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How President Trump's police reform executive order differs from Colorado's bill

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Posted at 9:45 PM, Jun 16, 2020
and last updated 2020-06-17 07:57:26-04

DENVER — President Trump signed an executive order Tuesday to offer recommendations for police reforms across the country.

The executive order stops short of the reforms Colorado lawmakers called for in Senate Bill 217, which now awaits Governor Jared Polis’ signature.

What does the executive order do?

The executive order offers a list of recommendations for police departments to follow and offers federal grants to agencies that choose to comply.

Among the changes, the order calls for independent credentialing bodies to be used to review law enforcement training and practices. The Department of Justice would be able to use discretionary grant funding to agencies that seek this credentialing.

Those independent credentialing bodies would become certified by the U.S. Attorney General and would look at things like a department’s training on use-of-force and de-escalation techniques.

“As part of this new credentialing process, chokehold will be banned except if an officer’s life is at risk,” President Trump said during the signing ceremony.

A database would also be created to track when an officer is fired or de-certified for improper use of force as well as criminal convictions and civil judgments against officers for on-duty conduct.

That data would be aggregated and made public.

“Under this executive order, departments will also need to share information about credible abuses so that officers with significant issues do not simply move from one police department to the next,” the President said.

The executive order also calls for officers to receive proper training to deal with people suffering from mental health, homelessness or addiction.

It also directs the Department of Health and Human Services to look for ways to increase the capacity of social workers who partner with law enforcement and response to mental health crises.

During the announcement of the executive order, President Trump doubled down on his commitment to use national guard troops to prevent rioting and looting, a policy that has received some criticism, and voiced his support once again for law enforcement.

“Without police there’s chaos, without law there is anarchy and without safety there was catastrophe,” the President said.

How is the executive order different than Colorado’s police reform bill?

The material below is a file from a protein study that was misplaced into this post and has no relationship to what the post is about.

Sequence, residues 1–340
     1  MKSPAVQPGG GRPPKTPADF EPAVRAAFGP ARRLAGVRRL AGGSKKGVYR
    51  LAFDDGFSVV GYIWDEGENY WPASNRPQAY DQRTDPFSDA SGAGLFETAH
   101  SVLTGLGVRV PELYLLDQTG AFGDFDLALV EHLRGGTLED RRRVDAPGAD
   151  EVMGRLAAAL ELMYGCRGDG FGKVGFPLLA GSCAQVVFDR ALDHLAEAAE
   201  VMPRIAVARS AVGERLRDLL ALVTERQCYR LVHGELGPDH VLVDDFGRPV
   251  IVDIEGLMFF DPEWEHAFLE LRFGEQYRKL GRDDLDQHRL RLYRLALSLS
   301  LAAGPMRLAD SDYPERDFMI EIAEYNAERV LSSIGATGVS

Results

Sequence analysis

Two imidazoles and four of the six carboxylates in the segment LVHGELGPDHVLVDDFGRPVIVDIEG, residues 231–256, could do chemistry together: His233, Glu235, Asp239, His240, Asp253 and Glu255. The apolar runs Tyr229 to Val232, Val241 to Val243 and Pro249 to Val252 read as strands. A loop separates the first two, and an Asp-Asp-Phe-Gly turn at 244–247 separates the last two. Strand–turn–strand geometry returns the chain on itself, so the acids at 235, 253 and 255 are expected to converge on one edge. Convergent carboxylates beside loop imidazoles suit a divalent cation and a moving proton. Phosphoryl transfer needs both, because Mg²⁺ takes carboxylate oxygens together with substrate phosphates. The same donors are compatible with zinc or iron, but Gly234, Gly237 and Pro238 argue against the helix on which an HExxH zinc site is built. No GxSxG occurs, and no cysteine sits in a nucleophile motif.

There are a few ways the president’s executive order varies from Colorado Senate Bill 217 and some similarities between the two.

While the executive order only allows for chokeholds to be used in life threatening situations, Colorado’s bill bans the practice outright.

Colorado’s bill calls for tracking of officers who are de-certified or fired, however that only happens on a state level. The executive order takes that a step further, asking law enforcement agencies across the country to share that information with one another.

There are also differences in the enforcement. The state bill is a mandate that all Colorado law enforcement will be required to follow.

“The federal executive order is more of a guideline,” said Andre Andeli, a lecturer in the criminal justice and criminology department at Metropolitan State University of Denver. “The federal guidelines on constitutional matters at hand tend to provide a floor for states in saying they can’t go below this standard.”

States can, however, go beyond the federal guidelines, as in the case with the ban on chokeholds.

Adeli believes the executive order struck the right balance and created a common ground for all law enforcement agencies to follow. He also appreciates the fact that the executive order made recommendations instead of mandates.

“Often times one of the better ways to gain compliance on the national level and for the states to do what you want them to do is not to make them do it or force them to do it but rather to incentivize them through grants,” Adeli said.

He hopes congress continues the work and will expand on areas the executive order left out.

Rob Pride, the national trustee for the Colorado Fraternal Order of Police also supports the executive order

“I think this is a great start at the national level to provide minimum standards, guidelines and direction for agencies across the nation to get on the same page,” Pride said.

However, he also believes there is more work to be done to help reform law enforcement but also to educate the public.

“I think there’s more work to do. I think there’s some community education pieces with the community so that they understand our jobs better but we as law-enforcement also need to listen and hold ourselves accountable,” Pride said.

Senate Bill 217 has not yet been signed by Governor Polis.